Wednesday 18 February 2015

1806 - Cantab Hat

I am making my way into millinery (yes, another thing on the "what to do if you can't fit clothes"-list)...

Without any special reason I made the Cantab Hat (1806) by Lynn McMasters ( It is apparently inspired by Napoleonic Polish Lancers and Cambridge Graduates' hats. (although I have to say I didn't find convincing pictures of either of them...). The pattern in this form is no longer available, they are split into 2 patterns - the Cantab Hat and the Regency bonnets.

So how did it turn out?

I started, as recommended, with a cardboard mock-up. And thank goodness I did, because it was HUGE!!  I could pull the whole hat with greatest ease over my ears and looked less than graceful. As I was still determined to make the hat I just had to adjust it, right. With all those curved lines, squares, circles.... right. It worked out ok in the end.

What doesn't help is, that I am not a particular fan of her instructions. I really love her work, but when it comes to explanations, my brain seems to work differently and it takes me ages to understand what she actually wants. And like with the Victorian hats, I ended up assembling the pieces in a different way anyway.

Basically, all I need from the pattern are the pieces themselves and the rest is learning by doing.  Although it is a bit sad if you have a package like that and you just feel like chucking out the instructions.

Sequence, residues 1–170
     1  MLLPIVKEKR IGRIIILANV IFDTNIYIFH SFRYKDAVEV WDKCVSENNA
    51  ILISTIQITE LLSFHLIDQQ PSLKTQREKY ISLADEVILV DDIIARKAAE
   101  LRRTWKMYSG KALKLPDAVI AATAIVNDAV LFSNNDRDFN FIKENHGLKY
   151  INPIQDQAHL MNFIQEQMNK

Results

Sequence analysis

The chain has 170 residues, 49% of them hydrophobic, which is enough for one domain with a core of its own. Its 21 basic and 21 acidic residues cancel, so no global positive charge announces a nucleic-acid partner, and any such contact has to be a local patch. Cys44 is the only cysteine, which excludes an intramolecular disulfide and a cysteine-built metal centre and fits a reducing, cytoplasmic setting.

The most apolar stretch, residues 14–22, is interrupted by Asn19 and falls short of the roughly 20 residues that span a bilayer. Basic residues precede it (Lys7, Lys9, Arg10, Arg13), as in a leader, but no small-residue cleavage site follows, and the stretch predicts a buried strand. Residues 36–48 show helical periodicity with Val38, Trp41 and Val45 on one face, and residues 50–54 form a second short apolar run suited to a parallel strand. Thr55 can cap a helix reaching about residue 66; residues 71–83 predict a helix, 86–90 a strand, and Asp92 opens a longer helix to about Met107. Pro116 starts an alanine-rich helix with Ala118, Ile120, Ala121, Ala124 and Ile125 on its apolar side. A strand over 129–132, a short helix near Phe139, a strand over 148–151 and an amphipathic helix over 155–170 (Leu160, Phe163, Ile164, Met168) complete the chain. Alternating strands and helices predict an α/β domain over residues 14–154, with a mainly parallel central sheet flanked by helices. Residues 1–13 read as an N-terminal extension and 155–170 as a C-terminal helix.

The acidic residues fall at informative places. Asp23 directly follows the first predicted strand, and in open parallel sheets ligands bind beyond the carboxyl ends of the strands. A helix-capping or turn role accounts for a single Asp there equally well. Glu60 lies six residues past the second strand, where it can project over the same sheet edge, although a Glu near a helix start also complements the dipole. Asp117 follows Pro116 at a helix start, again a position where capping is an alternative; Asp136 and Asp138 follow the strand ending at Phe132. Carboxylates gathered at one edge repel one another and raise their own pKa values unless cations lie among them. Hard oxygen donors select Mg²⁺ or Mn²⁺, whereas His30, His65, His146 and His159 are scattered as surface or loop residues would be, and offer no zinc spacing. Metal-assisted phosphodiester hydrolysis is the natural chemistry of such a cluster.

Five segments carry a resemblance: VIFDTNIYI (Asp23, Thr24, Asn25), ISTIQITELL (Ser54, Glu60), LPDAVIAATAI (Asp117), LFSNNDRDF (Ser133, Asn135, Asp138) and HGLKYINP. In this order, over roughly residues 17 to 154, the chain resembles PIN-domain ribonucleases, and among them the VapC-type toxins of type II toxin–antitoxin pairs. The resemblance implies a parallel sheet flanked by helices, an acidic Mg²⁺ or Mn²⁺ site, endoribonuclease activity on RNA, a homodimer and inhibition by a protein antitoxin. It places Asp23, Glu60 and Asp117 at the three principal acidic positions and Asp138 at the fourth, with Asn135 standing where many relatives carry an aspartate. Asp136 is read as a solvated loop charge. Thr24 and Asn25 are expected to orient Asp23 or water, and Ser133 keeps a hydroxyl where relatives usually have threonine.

Anyway, here is the hat,
I have made it in black cotton velvet and added a bit of  white feather decoration. (this time excellent explanation with pictures on her homepage .) I caused a giant mess with cutting the feathers though. I still feel a bit like a chicken. Or Ostrich. :)
The hatband and lining is black cotton voile (also attached in a slightly different way...). It should have been silk charmeuse, but I didn't have any. I've also added a few black ribbons so the feathers don't feel to alone.

the white pompom is not so easy to spot in front of the grey door... sry... I am also NOT sporting a 1806 hairdo... and I couldn't find any hat needles... so... imagination required! :)

I am really sorry I don't seem to be able to take good photographs... but I think it is clearly a hat. :)

edit 21.2.15:
I just HAD to do some more research on hats of this shape, as the pattern doesn't really give any sources or examples. This is what I found, it's not much, but then again it is SOMETHING and there might be more out there... It just sort of proves, that this sort of shape is possible. Although I would put the date rather later towards 1814 or so... but well...

1816: (not much of a brim and higher)
1816:  (no big brim and higher)
1813:  (a lot higher BUT made from Velours/velvet)
1814: (this one has the best ressemblance, but made from straw) 
1806 (wider brim)

Monday 16 February 2015

getting into knitting... and crocheting.. but WHY?...

So, my 2015 project "learning how to knit (and crochet) properly" has begun.

Some of you might ask "why on earth is she doing this? Why can't she just stick to sewing?"

And there are even several answers to this question!

1. Because sewing and made to measure garments just don't make sense when you are 9 months pregnant or still have the "post-baby-belly" (for those of you not so familiar with physical changes in pregnancy remember the old saying "9 month the belly comes, 9 months the belly goes" - which adds up to 18 months of weird sizes - ideally -) - and i don't want/need that much of maternity clothes...